New debt fear looms

24th November 1995 at 00:00
New governors of a college at the centre of a police fraud inquiry are investigating how far they are liable for its current deficit amid fears that further debts could put its future in doubt.

The governing body of Hereward College, Coventry, newly-appointed after all but one of the previous governors resigned, has asked Coopers and Lybrand, the college's internal auditors, to examine how the Pounds 1.2 million deficit built up.

Members also want to establish what liabilities they are taking on as a result of Hereward's connection with Empathy Ltd, a company with charitable status whose bids for European Union cash are being investigated by West Midlands fraud squad.

The new board is chaired by Michael Shattock, the Warwick University registrar who conducted an inquiry into mismanagement at Derby Tertiary College, Wilmorton, a year ago.

Mr Shattock told The TES: "We have inherited a very significant deficit and if there are grounds for thinking that debt might increase that might have very severe implications for the future of the college."

He pledged to work to "restore the college's fortunes" with the help of acting principal Catherine Cole, who was appointed early this year after principal Rees Williams took long-term sick leave. Mr Williams, who was also a senior director of Empathy, retired early on health grounds in the summer.

The Hereward case raises afresh the question of liability of governors for an individual college's financial problems. The issue, which prompted calls for clarification at last week's public hearings of the Nolan Committee, is still untested and remains a legal grey area.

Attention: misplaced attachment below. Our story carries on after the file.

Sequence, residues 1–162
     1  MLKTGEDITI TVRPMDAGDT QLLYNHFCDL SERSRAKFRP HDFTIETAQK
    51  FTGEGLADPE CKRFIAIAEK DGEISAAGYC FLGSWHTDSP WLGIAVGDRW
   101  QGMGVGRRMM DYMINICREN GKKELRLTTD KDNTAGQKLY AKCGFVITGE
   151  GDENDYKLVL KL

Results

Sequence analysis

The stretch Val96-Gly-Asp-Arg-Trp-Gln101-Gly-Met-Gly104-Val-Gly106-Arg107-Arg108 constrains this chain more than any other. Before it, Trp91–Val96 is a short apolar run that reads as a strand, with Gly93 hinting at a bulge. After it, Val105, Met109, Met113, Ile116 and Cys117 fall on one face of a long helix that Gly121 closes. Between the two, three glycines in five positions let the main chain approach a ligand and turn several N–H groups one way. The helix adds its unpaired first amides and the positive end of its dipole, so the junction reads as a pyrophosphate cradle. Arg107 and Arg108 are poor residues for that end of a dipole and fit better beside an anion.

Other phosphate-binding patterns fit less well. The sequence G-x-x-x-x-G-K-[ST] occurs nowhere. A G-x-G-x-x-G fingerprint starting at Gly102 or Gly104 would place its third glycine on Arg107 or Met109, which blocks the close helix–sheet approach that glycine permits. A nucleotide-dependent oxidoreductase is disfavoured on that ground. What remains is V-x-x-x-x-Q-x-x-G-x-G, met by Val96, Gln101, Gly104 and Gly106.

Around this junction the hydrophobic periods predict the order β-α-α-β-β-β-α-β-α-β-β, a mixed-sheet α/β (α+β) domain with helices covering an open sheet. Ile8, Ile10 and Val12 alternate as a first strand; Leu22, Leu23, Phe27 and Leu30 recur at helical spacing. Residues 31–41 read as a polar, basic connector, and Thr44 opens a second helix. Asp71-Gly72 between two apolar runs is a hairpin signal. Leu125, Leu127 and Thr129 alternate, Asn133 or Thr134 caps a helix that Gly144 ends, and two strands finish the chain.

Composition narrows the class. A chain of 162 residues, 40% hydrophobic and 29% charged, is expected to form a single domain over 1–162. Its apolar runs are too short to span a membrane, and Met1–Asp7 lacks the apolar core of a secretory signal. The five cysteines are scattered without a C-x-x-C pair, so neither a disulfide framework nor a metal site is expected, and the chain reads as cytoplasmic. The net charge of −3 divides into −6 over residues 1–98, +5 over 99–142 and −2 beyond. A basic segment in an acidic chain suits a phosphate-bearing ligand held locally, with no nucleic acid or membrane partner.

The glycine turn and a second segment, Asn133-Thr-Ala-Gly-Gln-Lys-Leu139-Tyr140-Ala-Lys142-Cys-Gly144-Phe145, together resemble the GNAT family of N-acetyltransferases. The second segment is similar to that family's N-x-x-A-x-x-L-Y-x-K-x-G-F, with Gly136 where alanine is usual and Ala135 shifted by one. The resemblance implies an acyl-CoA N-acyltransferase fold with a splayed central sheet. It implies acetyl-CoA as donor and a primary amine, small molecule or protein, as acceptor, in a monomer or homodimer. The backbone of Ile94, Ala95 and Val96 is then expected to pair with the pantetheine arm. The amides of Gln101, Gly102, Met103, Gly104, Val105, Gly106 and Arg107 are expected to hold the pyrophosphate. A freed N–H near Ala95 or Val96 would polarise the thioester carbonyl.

West Midlands Police fraud squad was called in two months ago by the London office of the European Social Fund, backed by the college, to investigate alleged fraudulent bids for cash for courses in London and South Wales.

The social fund finances 45 per cent of each accepted bid on condition applicants secure the remaining cash from a public- sector body. Detectives are examining whether Empathy, which named Hereward College as its backer, ever put the promised 55 per cent into its projects. If not, the social fund could potentially demand repayment of its grants - one of the issues concerning the college governors.

In a Further Education Funding Council inspection Hereward management was awarded a grade five - the lowest possible grading which had never previously been issued.

Mr Shattock's appointment has been approved by Education and Employment Secretary Gillian Shephard. Mr Shattock said the new board would "put the student interest first as well as trying to find ways of clearing up the mess". He added academic standards had not slipped. Hereward faces a further FEFC inspection next March.

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